Twenty First Sunday in Ordinary Time (B)
Failure, rejection and isolation: these are the themes of today's remarkable Gospel ‑ but they are not all. In the face of them we see perseverance, fidelity and trust. Above all there is an adherence to the truth that is truly amazing. Jesus speaks the truth to all who will listen, and if they find that truth “intolerable” they are free to leave, just as they are free to believe. No one who reads this passage could accuse Jesus of being interested in fame or fortune or the simple accumulation of followers. He didn’t play the ‘numbers game’.
Even more amazing is that when his followers seem to be down to their lowest ebb, he turns to the Twelve and gives them freedom to go as well. Peter’s reply, when he speaks of their belief, is the only answer that matters; it is spirit and life that replies, not the flesh, which has nothing to offer.
Notes for Readers
First Reading. Joshua 24:1‑2.15‑18
This passage of Scripture links in with the Gospel in that it shows the same freedom of choice to follow or not to follow. Joshua wants only free men and women to serve the Lord ‑ all are to be encouraged to make that choice. It is simple narrative, which is always easier to read. After you have told of the gathering at Shechem (pronounced ‘Shekem’), emphasise the word “choose” in Joshua's speech. Pause briefly before announcing Joshua's proclamation of his intention of his family to worship the Lord. The people's answer is like a Creed, a profession of faith. It has a formality to it; but before the formal declaration, there is a very natural phrase, which almost has a tone of indignation: “We have no intention...” The final line should be read with great confidence: it is the proclamation of faith of the people. (Have a look at Peter's declaration in the Gospel, and see the parallels.)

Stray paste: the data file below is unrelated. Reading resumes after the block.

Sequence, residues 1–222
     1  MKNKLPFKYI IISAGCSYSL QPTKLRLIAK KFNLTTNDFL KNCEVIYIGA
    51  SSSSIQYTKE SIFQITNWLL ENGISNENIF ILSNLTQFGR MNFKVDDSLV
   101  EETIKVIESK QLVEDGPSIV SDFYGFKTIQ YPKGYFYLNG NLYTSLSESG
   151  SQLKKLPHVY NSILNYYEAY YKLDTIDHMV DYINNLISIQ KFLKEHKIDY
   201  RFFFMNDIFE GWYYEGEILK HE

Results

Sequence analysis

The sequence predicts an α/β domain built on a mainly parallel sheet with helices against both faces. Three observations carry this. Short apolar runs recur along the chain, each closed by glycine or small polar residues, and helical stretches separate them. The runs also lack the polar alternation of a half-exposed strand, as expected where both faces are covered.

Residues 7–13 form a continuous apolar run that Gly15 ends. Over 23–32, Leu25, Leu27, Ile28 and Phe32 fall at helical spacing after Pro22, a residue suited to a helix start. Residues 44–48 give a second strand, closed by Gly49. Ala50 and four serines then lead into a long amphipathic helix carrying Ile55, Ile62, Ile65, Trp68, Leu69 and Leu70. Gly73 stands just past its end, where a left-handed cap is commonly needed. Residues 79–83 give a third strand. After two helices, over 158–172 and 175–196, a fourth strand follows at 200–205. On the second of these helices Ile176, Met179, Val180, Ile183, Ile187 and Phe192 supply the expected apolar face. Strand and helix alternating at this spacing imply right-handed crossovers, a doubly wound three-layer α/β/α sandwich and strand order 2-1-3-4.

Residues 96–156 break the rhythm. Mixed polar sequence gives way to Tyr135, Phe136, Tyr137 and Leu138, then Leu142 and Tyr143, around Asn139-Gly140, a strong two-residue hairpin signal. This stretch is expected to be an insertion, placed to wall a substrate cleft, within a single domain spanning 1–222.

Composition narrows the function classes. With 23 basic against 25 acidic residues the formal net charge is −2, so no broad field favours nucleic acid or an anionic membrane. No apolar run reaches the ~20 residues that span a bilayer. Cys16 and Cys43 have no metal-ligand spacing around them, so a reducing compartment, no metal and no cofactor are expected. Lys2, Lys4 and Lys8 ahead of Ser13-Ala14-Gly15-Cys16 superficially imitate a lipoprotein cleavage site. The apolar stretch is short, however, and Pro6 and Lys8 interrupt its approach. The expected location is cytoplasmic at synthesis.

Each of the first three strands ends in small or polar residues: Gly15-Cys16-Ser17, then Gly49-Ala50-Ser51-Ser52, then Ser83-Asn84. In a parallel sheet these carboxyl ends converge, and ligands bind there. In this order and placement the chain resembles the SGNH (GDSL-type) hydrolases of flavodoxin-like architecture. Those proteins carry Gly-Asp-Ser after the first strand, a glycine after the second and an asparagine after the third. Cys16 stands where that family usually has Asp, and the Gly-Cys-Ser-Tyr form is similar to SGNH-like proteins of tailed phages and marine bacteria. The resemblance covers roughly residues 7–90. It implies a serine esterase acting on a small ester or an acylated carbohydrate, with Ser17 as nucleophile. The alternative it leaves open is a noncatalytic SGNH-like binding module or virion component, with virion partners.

Second Reading. Ephesians 5:21‑32
This reading often causes some debate whenever it comes up. Some dislike the instruction to wives to “submit to their husbands in everything”, feeling it gives utterly the wrong impression about married life and the dignity of all human persons. This need not be a problem if we remember that Paul is using marriage as practised in his own culture as an image to illustrate both the relationship between Christ and the Church and our relationships with each other. If you examine the passage it is clear that both husbands and wives have equally heavy responsibilities: both are subsumed, however, in love, which makes husband and wife “one body”. The complexity of this reading is that its floats in and out of the two images - husband/wife and Christ/the Church - sometimes mingling them and jumping abruptly from one to the other. Be sure to separate them out in your preparation: remember also the final line of the reading: Paul is really talking above all about the mystery of Christ and the Church, not about human marriage. Be conscious of this in drawing out the meaning from this rather complicated passage.